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This content will become publicly available on July 15, 2017

Title: The impact of ARM on climate modeling

Climate models are among humanity’s most ambitious and elaborate creations. They are designed to simulate the interactions of the atmosphere, ocean, land surface, and cryosphere on time scales far beyond the limits of deterministic predictability and including the effects of time-dependent external forcings. The processes involved include radiative transfer, fluid dynamics, microphysics, and some aspects of geochemistry, biology, and ecology. The models explicitly simulate processes on spatial scales ranging from the circumference of Earth down to 100 km or smaller and implicitly include the effects of processes on even smaller scales down to a micron or so. In addition, the atmospheric component of a climate model can be called an atmospheric global circulation model (AGCM).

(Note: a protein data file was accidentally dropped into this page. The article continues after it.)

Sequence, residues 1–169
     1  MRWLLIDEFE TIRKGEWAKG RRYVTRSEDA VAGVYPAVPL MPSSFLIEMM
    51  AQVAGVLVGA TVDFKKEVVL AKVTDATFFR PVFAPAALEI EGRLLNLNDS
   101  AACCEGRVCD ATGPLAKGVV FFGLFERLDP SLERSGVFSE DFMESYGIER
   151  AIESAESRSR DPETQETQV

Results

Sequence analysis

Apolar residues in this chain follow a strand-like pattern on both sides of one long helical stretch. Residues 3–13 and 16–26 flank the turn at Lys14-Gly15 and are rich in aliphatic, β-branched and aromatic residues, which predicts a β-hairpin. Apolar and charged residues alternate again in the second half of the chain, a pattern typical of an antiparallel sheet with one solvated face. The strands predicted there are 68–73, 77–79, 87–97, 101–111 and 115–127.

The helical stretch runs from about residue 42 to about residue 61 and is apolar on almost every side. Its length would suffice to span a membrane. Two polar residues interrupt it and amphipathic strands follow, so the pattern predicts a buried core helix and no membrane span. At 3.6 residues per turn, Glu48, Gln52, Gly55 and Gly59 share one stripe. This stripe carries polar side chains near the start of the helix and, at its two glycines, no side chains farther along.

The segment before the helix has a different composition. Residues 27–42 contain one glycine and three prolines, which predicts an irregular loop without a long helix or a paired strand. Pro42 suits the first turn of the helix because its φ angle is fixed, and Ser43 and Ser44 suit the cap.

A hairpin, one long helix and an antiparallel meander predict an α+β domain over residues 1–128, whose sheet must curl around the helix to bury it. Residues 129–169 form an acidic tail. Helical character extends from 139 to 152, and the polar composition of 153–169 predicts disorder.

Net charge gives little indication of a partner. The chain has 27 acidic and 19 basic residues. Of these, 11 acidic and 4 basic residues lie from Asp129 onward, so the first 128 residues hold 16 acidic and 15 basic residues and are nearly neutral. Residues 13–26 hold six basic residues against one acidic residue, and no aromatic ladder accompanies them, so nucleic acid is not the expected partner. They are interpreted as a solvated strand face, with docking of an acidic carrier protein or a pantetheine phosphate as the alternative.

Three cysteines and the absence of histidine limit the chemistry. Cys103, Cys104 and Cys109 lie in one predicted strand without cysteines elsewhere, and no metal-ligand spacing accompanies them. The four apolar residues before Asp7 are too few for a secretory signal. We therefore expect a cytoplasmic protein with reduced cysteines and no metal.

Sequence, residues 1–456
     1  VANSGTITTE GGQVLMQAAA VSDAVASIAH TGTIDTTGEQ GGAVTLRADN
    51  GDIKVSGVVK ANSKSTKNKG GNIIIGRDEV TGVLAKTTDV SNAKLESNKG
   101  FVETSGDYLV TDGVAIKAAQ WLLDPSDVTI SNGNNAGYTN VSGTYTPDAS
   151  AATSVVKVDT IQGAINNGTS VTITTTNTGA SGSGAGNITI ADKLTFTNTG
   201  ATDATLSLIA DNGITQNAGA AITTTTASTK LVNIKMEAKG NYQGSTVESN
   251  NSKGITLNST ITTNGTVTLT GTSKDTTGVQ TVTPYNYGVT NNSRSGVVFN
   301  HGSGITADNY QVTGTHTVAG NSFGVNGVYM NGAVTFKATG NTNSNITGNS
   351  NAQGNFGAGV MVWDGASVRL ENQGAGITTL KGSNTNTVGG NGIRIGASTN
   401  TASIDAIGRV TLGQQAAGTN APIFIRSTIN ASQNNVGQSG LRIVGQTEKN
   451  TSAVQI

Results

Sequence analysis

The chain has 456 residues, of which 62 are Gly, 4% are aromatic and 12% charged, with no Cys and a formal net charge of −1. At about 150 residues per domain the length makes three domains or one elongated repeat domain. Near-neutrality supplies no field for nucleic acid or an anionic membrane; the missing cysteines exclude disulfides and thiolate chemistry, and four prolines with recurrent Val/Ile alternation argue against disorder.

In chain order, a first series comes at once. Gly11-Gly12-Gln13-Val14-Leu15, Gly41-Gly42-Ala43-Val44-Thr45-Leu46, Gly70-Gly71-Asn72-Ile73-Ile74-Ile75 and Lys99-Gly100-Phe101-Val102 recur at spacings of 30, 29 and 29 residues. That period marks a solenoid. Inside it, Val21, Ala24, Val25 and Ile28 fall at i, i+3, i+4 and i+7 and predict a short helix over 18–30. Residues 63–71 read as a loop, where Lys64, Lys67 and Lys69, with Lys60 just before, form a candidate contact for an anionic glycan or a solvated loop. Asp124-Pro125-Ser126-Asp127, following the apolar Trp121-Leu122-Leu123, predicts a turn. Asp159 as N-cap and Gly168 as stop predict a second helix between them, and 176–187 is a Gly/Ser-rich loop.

[1] ;  [2] ;  [3] ;  [4] ;  [5]
  1. Colorado State Univ., Fort Collins, CO (United States)
  2. National Aeronautics and Space Administration, New York, NY (United States)
  3. Geophysical Fluid Dynamics Lab., Princeton, NJ (United States)
  4. Lawrence Berkeley National Lab. (LBNL), Berkeley, CA (United States)
  5. Lawrence Livermore National Lab. (LLNL), Livermore, CA (United States)
Publication Date:
OSTI Identifier:
Report Number(s):
Journal ID: ISSN 0065-9401
Grant/Contract Number:
Accepted Manuscript
Journal Name:
Meteorological Monographs
Additional Journal Information:
Journal Volume: 57; Journal ID: ISSN 0065-9401
American Meteorological Society (AMS)
Research Org:
Lawrence Livermore National Lab., Livermore, CA (United States)
Sponsoring Org:
Country of Publication:
United States